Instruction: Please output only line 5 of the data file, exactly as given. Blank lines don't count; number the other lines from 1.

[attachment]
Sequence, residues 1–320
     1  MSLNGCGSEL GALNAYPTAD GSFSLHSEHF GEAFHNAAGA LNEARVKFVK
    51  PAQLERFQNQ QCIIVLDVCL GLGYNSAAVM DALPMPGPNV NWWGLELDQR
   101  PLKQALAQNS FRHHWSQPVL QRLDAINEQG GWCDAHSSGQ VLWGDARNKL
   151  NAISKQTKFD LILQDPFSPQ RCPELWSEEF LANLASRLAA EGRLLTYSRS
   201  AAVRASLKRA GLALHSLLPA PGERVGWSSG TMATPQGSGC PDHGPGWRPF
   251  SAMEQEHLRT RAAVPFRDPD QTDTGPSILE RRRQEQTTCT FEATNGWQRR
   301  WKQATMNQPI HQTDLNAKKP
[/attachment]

   151  NAISKQTKFD LILQDPFSPQ RCPELWSEEF LANLASRLAA EGRLLTYSRS